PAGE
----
Almost exactly two years ago, on the morning of Apr. 24, over 3,600 workers – 80 percent of them young women between the ages of 18 and 20 – refused to enter the Rana Plaza garment factory building in Dhaka, Bangladesh,
because there were large ominous cracks in the walls.
They were beaten with sticks and forced to enter.
There was a symbolic dimension to a recent four-day march from the periphery of Israel to the corridors of power in Jerusalem to seek recognition for Bedouin villages.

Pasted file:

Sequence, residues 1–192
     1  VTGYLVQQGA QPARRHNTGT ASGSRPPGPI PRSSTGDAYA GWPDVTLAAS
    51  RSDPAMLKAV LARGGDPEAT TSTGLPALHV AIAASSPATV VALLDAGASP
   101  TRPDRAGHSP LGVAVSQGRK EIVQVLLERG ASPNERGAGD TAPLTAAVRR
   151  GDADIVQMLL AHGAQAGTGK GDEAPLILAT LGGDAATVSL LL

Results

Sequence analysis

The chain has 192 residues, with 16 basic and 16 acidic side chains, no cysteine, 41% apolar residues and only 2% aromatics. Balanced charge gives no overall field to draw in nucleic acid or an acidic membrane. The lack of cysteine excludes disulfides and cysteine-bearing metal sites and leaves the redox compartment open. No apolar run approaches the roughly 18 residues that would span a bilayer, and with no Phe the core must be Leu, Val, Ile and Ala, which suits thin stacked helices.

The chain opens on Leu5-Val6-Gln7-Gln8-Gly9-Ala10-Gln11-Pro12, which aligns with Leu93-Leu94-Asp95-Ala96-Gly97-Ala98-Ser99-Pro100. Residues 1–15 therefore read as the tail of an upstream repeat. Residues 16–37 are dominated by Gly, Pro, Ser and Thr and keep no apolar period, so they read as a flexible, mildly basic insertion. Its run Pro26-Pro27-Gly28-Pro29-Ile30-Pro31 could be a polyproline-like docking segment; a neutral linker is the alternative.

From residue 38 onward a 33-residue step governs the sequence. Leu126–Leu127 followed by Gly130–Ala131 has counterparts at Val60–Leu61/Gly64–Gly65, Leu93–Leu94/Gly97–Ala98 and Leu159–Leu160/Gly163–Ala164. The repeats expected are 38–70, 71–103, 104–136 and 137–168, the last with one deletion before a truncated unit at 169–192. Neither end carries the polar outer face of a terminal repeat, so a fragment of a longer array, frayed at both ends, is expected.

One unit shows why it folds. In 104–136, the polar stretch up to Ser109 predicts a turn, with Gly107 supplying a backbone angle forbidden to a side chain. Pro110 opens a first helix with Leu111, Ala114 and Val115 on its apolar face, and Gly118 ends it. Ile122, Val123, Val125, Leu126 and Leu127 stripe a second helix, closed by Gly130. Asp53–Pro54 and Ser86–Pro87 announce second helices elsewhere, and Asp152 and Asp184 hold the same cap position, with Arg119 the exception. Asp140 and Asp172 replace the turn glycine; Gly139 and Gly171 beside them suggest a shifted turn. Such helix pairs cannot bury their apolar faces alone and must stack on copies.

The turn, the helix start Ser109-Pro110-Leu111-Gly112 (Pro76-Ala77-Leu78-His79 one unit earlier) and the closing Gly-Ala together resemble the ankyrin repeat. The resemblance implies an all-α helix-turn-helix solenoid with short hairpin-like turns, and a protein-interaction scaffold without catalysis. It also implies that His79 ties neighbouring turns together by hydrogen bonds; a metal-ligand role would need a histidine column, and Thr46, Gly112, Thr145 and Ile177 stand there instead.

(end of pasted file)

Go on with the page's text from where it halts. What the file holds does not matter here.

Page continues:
For years, many policy makers, including economists, have clung to the belief that if states do nothing to boost income equality, market forces will cause wealth to trickle down to the poorest citizens and contribute to overall growth.
The Global Education First Initiative stands at the forefront of this week's Learning Ministerial Meetings in Washington, D.C., underscoring the importance of education in the development of the global economy.
Despite anti-discrimination laws and a steadily growing number of employed women, Japan is falling behind the rest of the world on gender equality. Widespread discrimination persists, and has only grown more subtle over the past years.